Amen on all counts.

RE: Music in literature

Haruki Marakami loves music (as well as running, books and cats). There are frequent references to it, for instance 'The Archduke Trio' is listened to in "Norwegian Wood" and in his latest novel, "IQ84", Janacek's "Sinfonietta" has a prominent place in the opening pages. I enjoy his very original, often strange, not to say weird, novels. When it comes to the most musical of writers, of those whose work is imbued with music, Proust would come top of my list.

Adrian

RE: Music in literature

Music begins where words end. So, attempting to convey its intangible yet visceral power is one of the most frustrating endeavours any music-loving auteur can undertake.However, it's among the most enticing too.

Some striking and apparently successful "endeavours":

-Leo Tolstoy : The Kreutzer Sonata - No other writer has latched on to the sexual power of music quite astutely as the great Leo. The celebrated short story slices open the equation of musical with sexual partnership, inspired by the elemental drive of Beethoven's homonymous Violin/Piano Sonata.

-Ivan Turgenev : The Song of Triumphant Love - Turganev was in love with Pauline Viardot, the famoso operatic singer. This peculiar short story presents music as a sort of black magic in a love triangle that offers disturbing resonances. Music, according to Turganev, can cast a spell more potent than human passions. (Does remind you some other thread's subject?)

-Marcel Proust : Swann's Way - Here, the author comes close to elucidating the most indefinable sensations of musical response.

-Ann Patchett : Bel Canto - A direct tribute to the transformative power of music.

-Louis de Bernieres : Captain Corelli's Mandolin - "Hail Hitler" versus "Hail Puccini"! The music as the strongest and the only one note of Hope. (Again, traces of the "subject" of another thread).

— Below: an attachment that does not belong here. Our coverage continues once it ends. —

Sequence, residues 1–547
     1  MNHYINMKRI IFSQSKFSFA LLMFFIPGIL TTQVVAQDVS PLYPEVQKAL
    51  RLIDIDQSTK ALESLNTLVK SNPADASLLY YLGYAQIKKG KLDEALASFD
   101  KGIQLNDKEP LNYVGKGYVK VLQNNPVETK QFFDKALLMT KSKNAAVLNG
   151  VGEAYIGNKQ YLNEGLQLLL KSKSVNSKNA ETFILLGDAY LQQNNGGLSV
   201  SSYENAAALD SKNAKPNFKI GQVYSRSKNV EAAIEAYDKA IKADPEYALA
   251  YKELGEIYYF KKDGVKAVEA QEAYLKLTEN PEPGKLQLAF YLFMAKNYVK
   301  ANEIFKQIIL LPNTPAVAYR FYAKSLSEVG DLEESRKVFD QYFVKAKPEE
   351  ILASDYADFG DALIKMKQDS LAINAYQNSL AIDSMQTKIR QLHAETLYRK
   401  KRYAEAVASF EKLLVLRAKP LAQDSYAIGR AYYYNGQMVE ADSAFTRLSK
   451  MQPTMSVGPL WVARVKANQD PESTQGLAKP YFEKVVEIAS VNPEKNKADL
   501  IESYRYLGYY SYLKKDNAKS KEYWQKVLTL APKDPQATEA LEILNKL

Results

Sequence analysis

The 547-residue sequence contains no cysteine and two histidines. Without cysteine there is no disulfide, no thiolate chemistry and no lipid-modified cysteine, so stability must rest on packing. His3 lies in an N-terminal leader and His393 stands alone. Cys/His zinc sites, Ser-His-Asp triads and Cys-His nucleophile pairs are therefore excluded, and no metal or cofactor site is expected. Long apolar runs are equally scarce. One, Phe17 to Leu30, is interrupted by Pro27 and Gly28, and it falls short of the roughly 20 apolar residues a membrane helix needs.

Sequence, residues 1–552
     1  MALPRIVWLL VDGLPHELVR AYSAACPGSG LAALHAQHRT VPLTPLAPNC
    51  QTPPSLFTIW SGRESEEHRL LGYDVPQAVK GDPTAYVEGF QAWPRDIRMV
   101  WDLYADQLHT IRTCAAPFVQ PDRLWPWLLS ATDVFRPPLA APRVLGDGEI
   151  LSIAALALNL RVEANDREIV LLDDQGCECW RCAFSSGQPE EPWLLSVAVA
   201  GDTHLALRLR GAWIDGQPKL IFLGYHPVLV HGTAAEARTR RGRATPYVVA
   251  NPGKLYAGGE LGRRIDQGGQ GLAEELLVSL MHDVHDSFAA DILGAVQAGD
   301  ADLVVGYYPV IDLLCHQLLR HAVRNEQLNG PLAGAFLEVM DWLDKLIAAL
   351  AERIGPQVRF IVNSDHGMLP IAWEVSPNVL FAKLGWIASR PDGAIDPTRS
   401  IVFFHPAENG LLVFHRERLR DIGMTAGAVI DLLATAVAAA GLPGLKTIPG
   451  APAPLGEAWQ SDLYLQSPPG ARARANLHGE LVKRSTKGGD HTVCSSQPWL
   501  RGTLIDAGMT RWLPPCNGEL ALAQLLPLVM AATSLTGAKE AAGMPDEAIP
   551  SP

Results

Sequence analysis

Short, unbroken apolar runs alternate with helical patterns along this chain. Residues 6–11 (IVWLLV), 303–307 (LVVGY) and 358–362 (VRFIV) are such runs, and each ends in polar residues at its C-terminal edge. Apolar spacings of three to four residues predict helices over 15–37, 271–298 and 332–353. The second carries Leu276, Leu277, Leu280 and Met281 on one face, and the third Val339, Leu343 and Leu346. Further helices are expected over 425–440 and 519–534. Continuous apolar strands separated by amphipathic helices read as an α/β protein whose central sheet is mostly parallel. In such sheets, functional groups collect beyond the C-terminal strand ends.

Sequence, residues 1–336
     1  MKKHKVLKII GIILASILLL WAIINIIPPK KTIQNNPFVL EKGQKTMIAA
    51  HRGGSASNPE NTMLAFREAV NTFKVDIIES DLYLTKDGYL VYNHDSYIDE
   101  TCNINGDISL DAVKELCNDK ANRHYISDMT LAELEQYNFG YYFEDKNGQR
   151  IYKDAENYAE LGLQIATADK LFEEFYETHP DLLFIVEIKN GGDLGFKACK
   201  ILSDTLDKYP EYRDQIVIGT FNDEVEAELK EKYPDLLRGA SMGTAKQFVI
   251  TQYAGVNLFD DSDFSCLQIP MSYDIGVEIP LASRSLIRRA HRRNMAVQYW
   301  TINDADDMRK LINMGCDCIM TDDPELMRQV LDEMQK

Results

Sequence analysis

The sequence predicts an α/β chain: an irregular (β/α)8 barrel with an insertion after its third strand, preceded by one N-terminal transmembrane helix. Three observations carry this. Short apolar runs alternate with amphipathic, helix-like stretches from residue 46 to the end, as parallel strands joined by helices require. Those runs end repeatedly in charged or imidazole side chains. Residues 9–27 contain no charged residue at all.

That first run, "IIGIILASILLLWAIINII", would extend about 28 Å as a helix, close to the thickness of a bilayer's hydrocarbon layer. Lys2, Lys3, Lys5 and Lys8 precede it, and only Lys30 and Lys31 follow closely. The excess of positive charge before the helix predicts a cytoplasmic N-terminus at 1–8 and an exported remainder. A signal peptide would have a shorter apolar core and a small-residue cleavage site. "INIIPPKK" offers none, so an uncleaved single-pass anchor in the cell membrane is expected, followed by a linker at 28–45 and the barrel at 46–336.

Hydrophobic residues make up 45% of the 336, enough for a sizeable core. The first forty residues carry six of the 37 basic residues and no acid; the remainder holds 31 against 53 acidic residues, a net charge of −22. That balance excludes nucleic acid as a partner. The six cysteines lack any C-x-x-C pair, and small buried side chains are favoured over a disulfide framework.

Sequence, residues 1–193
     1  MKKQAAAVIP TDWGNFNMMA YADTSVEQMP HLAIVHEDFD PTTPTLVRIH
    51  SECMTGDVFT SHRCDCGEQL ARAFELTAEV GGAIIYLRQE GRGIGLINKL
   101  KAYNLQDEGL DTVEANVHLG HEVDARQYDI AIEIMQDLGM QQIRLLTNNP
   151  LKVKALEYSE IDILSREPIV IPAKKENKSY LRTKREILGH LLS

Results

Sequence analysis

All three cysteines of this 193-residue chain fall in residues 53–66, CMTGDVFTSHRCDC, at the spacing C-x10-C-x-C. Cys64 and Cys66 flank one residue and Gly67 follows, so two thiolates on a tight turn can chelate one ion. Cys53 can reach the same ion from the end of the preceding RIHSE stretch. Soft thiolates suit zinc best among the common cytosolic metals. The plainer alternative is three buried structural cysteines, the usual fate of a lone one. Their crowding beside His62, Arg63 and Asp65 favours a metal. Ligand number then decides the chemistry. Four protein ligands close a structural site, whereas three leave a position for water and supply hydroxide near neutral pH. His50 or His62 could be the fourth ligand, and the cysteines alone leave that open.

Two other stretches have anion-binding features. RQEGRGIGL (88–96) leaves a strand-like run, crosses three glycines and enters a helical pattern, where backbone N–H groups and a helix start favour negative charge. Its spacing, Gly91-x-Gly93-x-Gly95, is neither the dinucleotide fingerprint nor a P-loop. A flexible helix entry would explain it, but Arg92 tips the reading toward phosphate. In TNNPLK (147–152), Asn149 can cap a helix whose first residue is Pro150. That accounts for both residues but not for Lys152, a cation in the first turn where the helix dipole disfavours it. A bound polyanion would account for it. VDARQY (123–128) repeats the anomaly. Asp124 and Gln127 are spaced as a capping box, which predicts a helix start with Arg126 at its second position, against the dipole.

-Joanna Trollope : The Choir - The power of music to bring people together, properly celebrated through the refined music of a cathedral choir.

-Jilly Cooper : Appassionata - The power of music may drive some of the characters, but music may inspire the power hunger of a few outside egos too.

- E.M. Forster : Howards End - The scherzo of Beethoven's Fifth as never before (or after) envisaged.

-Jessica Duchen : Rites of Spring - The galvanising power of music shines out in a ritual of life and salvation.

So, Vic, enough "food for thought"?

Good exploration and eventual reading (I cannot bear it anymore).

Parla

 

RE: Music in literature

tagalie wrote:

Then there's the Albert Murray trilogy Train Whistle Guitar, The Spyglass Tree and The Seven League Boots. But we're talking jazz/blues here, music that is, how should one put it, rather infra dig? - for some forum members.

The Murray books are pretty good. But have you read James Baldwin's Another Country? 

The way jazz seeped inside Jack Kerouac's writing is very interesting. On The Road, the version we've known for years is great, but earlier this year I read the original scroll version - ie one para lasting about 650 pages - and the deep connection between jazz and Kerouac is even stronger. Highly recommended. 

RE: Music in literature

Thomas Mann's Dr Faustus must be one of *the* musical novels -- but it has so far defeated me twice now (whereas The Magic Mountain is utterly wornderful -- but music free, as far as I recall).

BUt here's an oddity: Thomas Bernhard's strange and compelling THE LOSER which features (at least in the recall of the narrator) a character called Glenn Gould who, like Wittgenstein's nephew, may bear some passing resemblance to someone real...

RE: Music in literature

Two oddball cases:

In the late 70s, Radio 3 broadcast a programme called "The Devil's Jig," including "realizations" by Humphrey Searle of the compositions of Adrian Leverkühn described in such great verbal detail in Doktor Faustus.  I still have the bootleg I made as a putridly earnest teen.  They ain't lining up for it - though to be fair I think Searle has been much and unfairly battered.

For mystery readers, the late Reginald Hill's On Beulah Heights, one of the Dalziel and Pascoe novels, is centred in various ways on Mahler's Kindertotenlieder.  Very early in the book there's an extremely funny parody of Radio 3's Record (now CD) Review, referred to as Coming Out.

RE: Music in literature

There are a few books whose form is based on a musical work.  The examples which come to mind are Richard Powers' Goldbug Variations, which takes its form from the Goldberg Variations, and Anthony Burgess' Napoleon Symphony, which takes its form from a source too obvious to mention.  Douglas Hofstadter wrote a dialogue in the form of a crab canon in Godel, Escher, Bach (i.e., two voices, one the exact reverse of the other).

RE: Music in literature